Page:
On August 17, 1861 Missouri Governor Hamilton R. Gamble ordered a proclamation establishing the Missouri State Militia for defense of the State against guerrilla activity. Gamble soon realized the need for additional troops, and on July 22, 1862 he issued General Order Number 29 organizing the Enrolled Missouri Militia (EMM). General Colley B. Holland assumed command of the 4th Military district, consisting of the counties in southwest Missouri, on October 30, 1862. Based in Springfield, Missouri, roughly 2,500 men reported for duty, operating under the jurisdiction of the State of Missouri. Holland’s documented all activities related to his command in the enrolled Missouri Militia order book for the 4th Military District in Southwest Missouri, from November 1862 through May 1863. His reports cover the Battles of Springfield and Hartville and also include details about depredation in Southwest Missouri and the extensive guerrilla activity that took place in the region.
Collections in the Baxter Category
The Peter Wellington Alexander papers contain a significant collection of documents from Thomas C. Hindman’s military service from 1862-1863. Hindman assumed command of the Trans-Mississippi District on May 31, 1862, and his papers cover actions in southern Missouri, Arkansas, and the Indian Territory; including battles at Newtonia, Missouri and Cane Hill and Prairie Grove, Arkansas. The collection consists of military orders, telegrams, correspondence, military reports and other documents.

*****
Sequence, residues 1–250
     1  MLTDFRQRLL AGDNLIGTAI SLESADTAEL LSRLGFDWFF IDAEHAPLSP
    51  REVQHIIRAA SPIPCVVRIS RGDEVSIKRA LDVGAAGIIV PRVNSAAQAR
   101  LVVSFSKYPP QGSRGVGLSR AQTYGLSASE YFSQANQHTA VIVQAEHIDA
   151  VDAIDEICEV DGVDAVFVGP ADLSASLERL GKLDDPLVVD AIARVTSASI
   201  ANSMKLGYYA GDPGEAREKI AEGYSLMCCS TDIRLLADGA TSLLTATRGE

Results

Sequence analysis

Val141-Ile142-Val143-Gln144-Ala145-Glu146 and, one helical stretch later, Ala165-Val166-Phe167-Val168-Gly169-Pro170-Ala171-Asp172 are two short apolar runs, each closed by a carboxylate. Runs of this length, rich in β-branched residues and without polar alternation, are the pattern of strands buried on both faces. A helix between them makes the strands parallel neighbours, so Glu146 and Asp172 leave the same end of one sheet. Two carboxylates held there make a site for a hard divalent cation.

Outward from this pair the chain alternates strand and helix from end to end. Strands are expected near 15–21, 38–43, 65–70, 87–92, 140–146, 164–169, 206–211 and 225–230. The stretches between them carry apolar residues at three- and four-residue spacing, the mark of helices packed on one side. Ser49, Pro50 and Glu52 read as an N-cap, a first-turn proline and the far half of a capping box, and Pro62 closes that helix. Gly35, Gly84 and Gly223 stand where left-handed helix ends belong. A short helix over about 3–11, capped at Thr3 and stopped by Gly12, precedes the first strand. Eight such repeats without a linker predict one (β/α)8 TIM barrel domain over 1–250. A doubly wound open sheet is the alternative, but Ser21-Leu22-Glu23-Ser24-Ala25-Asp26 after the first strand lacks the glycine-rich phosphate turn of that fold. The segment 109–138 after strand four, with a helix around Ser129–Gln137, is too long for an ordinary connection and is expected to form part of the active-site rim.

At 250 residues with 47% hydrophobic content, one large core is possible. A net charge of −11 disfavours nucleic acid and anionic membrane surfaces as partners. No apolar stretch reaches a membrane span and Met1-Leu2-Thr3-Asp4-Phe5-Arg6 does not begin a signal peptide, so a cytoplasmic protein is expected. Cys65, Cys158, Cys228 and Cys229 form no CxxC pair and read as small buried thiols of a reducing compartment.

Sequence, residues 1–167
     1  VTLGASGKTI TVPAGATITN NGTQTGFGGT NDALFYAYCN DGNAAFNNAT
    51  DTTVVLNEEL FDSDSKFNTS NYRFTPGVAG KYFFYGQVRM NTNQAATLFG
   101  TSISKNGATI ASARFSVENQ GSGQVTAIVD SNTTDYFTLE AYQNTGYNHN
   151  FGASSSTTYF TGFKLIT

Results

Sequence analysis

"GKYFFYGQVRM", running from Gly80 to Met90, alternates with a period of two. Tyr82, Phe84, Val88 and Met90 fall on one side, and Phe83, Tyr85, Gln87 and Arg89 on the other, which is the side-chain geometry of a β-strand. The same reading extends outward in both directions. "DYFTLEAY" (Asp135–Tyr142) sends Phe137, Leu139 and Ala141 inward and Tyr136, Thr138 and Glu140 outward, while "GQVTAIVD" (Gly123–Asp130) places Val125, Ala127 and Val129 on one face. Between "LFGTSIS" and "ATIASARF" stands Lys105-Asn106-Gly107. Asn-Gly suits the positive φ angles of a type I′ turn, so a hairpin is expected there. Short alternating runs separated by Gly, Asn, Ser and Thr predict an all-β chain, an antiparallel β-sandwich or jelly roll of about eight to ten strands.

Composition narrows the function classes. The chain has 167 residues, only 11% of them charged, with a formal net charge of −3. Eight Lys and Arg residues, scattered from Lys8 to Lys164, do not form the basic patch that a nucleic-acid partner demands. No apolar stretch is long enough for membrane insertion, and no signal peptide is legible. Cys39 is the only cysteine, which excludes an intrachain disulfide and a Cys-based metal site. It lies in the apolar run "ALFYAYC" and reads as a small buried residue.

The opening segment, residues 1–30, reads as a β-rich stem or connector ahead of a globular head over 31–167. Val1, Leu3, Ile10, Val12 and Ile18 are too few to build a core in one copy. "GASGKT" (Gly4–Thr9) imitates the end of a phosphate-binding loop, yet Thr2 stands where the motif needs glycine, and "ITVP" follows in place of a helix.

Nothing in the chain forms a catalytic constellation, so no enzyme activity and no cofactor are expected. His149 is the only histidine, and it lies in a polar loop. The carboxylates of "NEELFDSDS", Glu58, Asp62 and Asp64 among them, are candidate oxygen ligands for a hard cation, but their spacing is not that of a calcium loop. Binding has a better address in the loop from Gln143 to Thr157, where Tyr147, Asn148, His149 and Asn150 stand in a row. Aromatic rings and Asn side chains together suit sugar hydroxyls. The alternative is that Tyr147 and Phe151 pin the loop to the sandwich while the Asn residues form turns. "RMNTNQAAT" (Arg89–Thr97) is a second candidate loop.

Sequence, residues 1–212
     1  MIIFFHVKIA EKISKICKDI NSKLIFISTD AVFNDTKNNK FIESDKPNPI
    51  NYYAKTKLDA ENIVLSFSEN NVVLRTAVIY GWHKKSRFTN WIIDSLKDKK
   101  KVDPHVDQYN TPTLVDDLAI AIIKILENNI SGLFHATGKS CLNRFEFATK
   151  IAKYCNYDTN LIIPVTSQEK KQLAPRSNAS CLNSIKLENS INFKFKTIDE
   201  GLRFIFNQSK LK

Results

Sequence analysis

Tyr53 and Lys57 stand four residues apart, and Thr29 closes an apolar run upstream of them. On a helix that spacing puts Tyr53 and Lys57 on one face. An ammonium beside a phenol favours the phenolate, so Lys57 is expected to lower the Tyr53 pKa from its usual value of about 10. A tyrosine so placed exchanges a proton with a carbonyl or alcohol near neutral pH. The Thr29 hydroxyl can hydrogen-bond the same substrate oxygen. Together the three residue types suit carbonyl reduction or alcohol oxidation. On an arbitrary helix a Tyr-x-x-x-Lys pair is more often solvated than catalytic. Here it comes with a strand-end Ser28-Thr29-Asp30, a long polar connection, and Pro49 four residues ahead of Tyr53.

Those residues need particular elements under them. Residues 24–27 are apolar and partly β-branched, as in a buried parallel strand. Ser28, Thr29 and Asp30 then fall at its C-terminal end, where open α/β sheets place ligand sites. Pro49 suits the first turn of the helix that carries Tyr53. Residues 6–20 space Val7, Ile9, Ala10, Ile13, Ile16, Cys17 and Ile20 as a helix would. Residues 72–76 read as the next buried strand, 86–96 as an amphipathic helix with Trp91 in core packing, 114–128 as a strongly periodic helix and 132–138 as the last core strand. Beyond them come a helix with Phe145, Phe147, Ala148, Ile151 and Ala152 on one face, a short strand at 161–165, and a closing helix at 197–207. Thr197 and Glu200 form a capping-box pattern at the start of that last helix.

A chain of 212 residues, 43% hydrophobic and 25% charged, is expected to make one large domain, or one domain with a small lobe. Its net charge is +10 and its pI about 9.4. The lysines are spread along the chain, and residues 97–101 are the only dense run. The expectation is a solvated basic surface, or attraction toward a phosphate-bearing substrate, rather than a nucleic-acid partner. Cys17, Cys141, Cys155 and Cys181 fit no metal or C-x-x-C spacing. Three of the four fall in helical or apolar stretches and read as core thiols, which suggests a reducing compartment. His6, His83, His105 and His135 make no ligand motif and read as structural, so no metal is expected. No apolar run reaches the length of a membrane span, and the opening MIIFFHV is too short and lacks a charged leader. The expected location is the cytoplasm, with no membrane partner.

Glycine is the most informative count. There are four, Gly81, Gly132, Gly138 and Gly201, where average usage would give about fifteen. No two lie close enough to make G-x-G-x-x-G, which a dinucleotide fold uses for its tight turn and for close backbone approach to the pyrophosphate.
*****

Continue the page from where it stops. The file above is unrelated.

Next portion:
The Stirman Davidson Collection is a spirited group of letters written to Rebecca Stirman Davidson, of Fayetteville, Arkansas. The bulk of the letters are from her brother Erasmus “Ras” Stirman, while serving in the Civil War. The letters tell the story of Erasmus service in the Confederate Army, his fears and doubts about winning the War, and leading his company of sharpshooters into certain death. Erasmus loved meeting new women, and his letters to Rebecca are full of candor and humor, often telling a larger tale of the social and cultural customs of the era to which he opportunistically flaunted. Erasmus’ successes in the military, coupled with his family’s access to political and societal privilege, combine to tell a wonderful story of upper class life in the Civil War of the Ozarks.